Still, I would like to return to Hitchens’s essay. ‘Conspiracy theories’, he wrote, are:

‘…the white noise which moves in to fill the vacuity of the official version. To blame the theorists is therefore to look at only half the story, and sometimes even less.’

Even the most innocent – the most innocent – interpretation of the Epstein case is that a boorish windbag was allowed to penetrate grand halls of intellectual, cultural and political influence solely on the basis of his mysterious wealth, and then died because of a failure to establish even the kind oversight one might expect from a convenience store owner. In such a dysfunctional society people cannot be blamed for overworking their imaginations. The kindest non-conspiratorial explanation is that American elites roll out the red carpet for any fool or scoundrel who has something to offer them and drops them down the memory hole once they are inconvenient.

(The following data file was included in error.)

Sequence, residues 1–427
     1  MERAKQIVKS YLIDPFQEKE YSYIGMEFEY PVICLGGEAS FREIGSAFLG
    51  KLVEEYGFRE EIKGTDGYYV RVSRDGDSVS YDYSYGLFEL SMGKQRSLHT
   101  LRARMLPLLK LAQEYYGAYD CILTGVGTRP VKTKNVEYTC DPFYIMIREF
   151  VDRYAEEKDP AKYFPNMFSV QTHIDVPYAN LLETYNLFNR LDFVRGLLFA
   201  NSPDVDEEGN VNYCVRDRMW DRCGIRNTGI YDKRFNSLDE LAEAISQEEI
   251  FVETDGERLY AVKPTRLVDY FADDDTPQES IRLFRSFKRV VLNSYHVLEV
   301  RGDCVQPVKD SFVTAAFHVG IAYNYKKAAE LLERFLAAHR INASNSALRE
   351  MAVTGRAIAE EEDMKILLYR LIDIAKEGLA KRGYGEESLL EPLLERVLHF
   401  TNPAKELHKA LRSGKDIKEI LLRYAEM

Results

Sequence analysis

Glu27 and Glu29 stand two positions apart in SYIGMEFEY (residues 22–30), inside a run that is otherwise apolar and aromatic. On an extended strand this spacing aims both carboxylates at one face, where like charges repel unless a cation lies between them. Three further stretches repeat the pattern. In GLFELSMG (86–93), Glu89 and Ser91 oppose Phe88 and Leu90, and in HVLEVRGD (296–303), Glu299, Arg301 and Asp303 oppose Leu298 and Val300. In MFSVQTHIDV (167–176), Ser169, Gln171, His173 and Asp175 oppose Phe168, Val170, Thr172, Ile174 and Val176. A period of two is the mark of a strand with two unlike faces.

Not that I am ruling out conspiracy! Epstein’s whole life appears to have been conspiratorial. Even his alleged associates appear to be devising conspiracy theories to defend themselves, such as the suggestion from Prince Andrew’s lawyers that a photo showing their client with his accuser is a fake – so it would have been a fitting death. It is important to insist on a thorough, transparent investigation of the case, though, to move the evidence beyond the shadows of dark speculation and into the light.